[ By SA Rogers in Conceptual & Futuristic & Technology. ]

The buildings and infrastructure of the not-so-distant future might look like they were dropped here from an alien planet thanks to the complex geometries and curvaceous surfaces robotic building technologies are able to produce. 3D printing in metal and concrete are among the biggest breakthroughs, but robots can also set building materials like bricks into place with unprecedented precision and produce prefabricated timber modules of the sort usually created by craftspeople. These 13 recent projects give us a glimpse at what we might be able to expect over the next couple decades.

3D-Printed Metal Bridge by MX3D

RAC Coffee & Bar / MASS DESIGN

© Feng Shi © Feng Shi
  • Architects: MASS DESIGN
  • Location: 322 Anfu Road, Xuhui District, Shanghai, China
  • Lead Architects: Vladimir Dyduch
  • Client: RAC
  • Area: 160.0 m2
  • Project Year: 2017
  • Photographs: Feng Shi
© Feng Shi © Feng Shi

Text description provided by the architects. At the intersection of Anfu and Wukang roads in the former French Concession, you’ll find RAC Bar & Coffee. The locale has been long-known for its many Western restaurants and desirably central location - that also means the standards for design in this area are higher. The owners of RAC aimed to stand out with their authentically French vibe, speciality coffee, French pastries, crepes and organic wines.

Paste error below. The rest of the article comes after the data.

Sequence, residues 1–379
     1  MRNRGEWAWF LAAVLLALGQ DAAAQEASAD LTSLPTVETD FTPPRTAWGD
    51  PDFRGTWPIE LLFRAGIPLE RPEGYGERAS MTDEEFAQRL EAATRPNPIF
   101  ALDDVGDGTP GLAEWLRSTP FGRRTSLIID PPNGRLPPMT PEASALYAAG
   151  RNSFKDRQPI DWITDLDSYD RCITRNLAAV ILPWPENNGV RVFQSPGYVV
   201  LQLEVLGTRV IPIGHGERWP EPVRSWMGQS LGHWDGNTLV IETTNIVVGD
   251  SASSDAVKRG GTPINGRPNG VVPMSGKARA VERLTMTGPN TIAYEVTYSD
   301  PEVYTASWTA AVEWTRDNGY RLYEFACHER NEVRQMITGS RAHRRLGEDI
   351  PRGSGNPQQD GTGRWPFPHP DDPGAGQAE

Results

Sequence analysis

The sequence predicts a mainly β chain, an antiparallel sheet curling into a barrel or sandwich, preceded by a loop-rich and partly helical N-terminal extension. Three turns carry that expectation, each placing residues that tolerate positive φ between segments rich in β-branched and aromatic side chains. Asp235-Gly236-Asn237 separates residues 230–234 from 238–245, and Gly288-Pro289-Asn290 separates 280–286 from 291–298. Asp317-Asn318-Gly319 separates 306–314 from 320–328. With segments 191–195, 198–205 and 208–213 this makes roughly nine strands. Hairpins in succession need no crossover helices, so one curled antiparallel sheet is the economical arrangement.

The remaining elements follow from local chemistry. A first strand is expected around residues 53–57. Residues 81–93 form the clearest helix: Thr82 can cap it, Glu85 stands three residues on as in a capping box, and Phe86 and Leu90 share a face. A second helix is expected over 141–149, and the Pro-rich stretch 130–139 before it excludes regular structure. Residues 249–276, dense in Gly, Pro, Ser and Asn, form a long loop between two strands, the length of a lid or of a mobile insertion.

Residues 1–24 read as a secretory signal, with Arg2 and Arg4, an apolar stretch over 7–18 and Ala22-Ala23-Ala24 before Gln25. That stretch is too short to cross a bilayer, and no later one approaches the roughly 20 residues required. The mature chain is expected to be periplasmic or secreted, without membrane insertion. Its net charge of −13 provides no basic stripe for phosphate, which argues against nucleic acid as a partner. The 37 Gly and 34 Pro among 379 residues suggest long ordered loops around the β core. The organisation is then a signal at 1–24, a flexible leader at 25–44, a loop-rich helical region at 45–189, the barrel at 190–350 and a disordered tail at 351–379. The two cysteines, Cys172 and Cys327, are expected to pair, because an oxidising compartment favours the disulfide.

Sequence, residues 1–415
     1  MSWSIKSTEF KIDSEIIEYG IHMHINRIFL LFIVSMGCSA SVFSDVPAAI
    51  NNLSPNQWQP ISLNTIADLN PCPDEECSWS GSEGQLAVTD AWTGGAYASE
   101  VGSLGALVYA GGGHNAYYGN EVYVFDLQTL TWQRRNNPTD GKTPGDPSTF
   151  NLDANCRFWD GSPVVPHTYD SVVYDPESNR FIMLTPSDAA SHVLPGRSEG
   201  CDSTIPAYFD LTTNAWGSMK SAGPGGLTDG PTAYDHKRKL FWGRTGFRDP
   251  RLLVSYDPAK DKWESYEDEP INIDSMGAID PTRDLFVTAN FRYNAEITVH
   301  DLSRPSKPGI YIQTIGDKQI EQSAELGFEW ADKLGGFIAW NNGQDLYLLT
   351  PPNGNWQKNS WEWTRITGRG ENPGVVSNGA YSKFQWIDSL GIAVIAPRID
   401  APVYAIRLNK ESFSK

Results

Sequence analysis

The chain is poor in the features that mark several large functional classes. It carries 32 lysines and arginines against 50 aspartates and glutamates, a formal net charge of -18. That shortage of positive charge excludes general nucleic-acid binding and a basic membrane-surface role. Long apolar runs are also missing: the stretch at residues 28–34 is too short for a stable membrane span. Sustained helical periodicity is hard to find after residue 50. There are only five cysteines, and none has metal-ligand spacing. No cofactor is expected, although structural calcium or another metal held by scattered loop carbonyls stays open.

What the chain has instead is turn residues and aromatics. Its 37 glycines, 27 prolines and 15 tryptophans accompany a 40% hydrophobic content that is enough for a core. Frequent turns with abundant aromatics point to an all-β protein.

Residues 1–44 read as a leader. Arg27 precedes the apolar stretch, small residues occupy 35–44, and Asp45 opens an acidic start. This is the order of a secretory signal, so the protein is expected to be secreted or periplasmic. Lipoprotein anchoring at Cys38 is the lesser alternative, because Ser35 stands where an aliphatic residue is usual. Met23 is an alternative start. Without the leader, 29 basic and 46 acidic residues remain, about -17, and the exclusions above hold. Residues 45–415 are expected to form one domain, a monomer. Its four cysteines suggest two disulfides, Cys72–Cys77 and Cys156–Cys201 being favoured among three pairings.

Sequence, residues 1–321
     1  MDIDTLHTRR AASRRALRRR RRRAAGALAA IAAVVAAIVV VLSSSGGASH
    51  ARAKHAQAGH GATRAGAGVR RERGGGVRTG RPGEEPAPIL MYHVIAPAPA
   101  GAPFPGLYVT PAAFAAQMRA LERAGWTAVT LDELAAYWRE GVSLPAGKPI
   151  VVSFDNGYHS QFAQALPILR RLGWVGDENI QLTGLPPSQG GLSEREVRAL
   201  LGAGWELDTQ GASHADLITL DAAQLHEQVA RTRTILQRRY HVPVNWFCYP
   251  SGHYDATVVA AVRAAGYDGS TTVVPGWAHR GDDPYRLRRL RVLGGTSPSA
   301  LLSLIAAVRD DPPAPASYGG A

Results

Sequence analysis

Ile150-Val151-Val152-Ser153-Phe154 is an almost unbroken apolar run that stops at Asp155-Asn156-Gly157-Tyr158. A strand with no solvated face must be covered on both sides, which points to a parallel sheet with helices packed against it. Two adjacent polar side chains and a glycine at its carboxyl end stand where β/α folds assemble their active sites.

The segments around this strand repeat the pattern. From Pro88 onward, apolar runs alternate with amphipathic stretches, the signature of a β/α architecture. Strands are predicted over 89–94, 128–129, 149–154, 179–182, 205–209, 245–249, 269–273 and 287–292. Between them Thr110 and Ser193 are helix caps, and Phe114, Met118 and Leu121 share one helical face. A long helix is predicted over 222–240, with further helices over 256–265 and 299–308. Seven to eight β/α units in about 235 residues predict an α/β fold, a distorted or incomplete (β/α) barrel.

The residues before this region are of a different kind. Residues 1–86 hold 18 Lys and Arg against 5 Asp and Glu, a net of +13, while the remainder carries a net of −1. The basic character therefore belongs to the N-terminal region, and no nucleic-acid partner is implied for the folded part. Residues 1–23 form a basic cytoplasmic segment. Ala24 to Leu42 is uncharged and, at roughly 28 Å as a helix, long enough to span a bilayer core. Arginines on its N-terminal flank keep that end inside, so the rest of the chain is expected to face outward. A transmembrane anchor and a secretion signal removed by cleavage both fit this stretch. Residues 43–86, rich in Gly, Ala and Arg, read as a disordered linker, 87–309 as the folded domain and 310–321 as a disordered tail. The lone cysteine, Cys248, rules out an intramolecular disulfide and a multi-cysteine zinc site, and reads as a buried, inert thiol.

Beetle Mania: 10 Groovy Volkswagen Bug Art Cars

[ By Steve in Culture & History & Travel. ]

The Volkswagen Type 1 Beetle, one of the 20th century’s most iconic vehicles, also served as a rolling car canvas for artists just itching to bug society.

Over 21 million Type 1 Beetles were manufactured between 1938 through 2003, leaving an indelible mark on pop culture’s psyche. VW sought to monetize the classic Bug’s nostalgic appeal through the evocative New Beetle that debuted in 1997, and the subsequent A5 Beetle introduced in 2011.

Adaptive Architecture: Curved House Wraps Old Well, Reuses Stone Cistern

[ By WebUrbanist in Architecture & Houses & Residential. ]

A contemporary home in Spain was designed to wrap a surface well and sits on the associated subterranean cistern, creatively converting it into the solid foundation and habitable basement of this new living space.

The so-called Casa Aljibe (Cistern House) by architect Alejandro Valdivieso (images by David Frutos) is located in Alpedrete on the site of an old local water system that used to supply the neighborhood but stopped functioning over 50 years ago.

The cistern structure was left intact, however, and used for storage. When it came time to build a home for the descendants of the property owners, the architects decided build with and around these existing features.